A financial analysis looks at how much you currently have in your reserve fund and determines how much money you need to collect each year to adequately cover the cost of making repairs or replacing those components (best practice says associations should update numbers every year as part of their annual budget process)
It’s important to have your reserve study conducted by a qualified third-party specialist with a background in multiple engineering disciplines and proper credentials from a recognized accrediting organization. In the United States, this means being accredited by CAI or the Association of Professional Reserve Analysts (APRA). Be sure that the provider is also familiar with components in your specific region since useful life can vary due to weather and other regional conditions.
How Often Should You Update Your Reserve Study?
Your governing documents may specify how often your reserve study will need to be updated. Martin says that many associations choose to update their reserve studies more frequently. “Getting an update every two to three years lets the provider re-evaluate the components and your funding needs,” she explains.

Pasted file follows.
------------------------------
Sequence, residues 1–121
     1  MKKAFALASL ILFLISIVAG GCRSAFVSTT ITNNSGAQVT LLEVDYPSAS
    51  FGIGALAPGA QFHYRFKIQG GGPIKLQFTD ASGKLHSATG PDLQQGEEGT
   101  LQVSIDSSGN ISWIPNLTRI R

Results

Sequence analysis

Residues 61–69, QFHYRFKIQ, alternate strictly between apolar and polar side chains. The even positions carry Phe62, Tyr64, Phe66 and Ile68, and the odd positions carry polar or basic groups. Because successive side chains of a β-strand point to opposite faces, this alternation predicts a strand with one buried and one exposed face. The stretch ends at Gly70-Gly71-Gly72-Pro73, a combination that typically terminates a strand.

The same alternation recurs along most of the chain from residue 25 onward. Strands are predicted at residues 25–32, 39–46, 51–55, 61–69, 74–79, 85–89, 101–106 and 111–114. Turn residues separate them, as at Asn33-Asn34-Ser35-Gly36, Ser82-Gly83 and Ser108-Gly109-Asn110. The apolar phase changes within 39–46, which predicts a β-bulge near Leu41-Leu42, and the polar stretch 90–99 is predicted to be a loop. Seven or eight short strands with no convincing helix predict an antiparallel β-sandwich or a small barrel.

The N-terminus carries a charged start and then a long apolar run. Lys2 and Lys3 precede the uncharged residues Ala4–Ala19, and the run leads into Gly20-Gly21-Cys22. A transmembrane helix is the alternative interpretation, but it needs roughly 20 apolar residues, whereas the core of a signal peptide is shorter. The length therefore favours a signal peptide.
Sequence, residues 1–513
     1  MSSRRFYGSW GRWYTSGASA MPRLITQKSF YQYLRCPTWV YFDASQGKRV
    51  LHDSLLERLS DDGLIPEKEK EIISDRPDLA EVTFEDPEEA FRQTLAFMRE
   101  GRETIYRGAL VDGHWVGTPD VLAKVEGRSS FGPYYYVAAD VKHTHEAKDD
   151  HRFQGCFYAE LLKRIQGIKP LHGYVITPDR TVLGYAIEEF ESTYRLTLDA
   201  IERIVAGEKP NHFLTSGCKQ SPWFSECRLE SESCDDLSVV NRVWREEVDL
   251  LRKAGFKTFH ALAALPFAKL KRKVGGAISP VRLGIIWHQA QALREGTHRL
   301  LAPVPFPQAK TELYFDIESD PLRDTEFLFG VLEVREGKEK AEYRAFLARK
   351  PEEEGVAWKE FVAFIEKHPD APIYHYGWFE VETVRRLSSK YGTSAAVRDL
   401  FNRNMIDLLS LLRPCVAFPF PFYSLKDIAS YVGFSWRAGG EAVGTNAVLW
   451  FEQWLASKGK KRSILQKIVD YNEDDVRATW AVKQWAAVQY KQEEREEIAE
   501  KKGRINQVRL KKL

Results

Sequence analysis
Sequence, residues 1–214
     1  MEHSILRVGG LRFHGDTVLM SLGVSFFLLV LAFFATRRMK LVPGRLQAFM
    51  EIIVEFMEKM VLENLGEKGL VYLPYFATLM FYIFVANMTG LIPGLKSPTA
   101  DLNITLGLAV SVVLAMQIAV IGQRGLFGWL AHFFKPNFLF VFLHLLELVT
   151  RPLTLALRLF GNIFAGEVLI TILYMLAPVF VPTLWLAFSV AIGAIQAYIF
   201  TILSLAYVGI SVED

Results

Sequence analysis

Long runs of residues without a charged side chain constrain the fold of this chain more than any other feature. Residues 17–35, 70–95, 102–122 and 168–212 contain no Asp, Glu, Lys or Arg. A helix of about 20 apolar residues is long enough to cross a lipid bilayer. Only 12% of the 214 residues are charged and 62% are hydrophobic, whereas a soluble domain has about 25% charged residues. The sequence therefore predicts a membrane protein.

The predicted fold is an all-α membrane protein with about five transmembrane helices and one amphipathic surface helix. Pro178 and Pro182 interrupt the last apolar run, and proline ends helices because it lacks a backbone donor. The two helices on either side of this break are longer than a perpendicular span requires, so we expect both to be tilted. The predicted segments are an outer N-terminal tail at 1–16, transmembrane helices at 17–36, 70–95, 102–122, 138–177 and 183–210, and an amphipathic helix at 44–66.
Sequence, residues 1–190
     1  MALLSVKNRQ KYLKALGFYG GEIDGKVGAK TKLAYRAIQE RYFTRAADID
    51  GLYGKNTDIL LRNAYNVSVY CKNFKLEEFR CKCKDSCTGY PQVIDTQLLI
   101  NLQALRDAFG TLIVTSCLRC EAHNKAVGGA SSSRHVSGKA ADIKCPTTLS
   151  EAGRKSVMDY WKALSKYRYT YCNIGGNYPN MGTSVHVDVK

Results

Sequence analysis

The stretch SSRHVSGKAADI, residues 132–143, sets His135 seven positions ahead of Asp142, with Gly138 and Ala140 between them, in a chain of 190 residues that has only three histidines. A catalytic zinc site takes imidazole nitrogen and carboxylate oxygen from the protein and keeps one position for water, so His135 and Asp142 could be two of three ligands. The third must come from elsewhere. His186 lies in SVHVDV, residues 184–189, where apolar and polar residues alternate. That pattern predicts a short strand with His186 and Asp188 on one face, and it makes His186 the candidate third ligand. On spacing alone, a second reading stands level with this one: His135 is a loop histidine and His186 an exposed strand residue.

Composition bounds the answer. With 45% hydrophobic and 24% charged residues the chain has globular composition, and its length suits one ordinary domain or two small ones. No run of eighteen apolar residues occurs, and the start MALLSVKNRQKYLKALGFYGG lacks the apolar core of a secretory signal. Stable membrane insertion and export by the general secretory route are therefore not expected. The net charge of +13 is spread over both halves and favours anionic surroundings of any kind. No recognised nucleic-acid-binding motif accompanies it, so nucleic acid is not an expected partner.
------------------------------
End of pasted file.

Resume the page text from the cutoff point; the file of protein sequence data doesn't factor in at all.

Some of the factors that might alter previous recommendations include inflation, changes in the condition of individual components or how they are being used, unexpected situations such as weather and your level of compliance with the previous recommendations. An experienced community management company can help you determine when you should get an update.
TIP: For an association’s largest capital projects, we recommend that boards seek bids from vendors on completing the scope of the project. Be upfront and tell them the project is several years out and you will contact them when the association is ready tackle the project.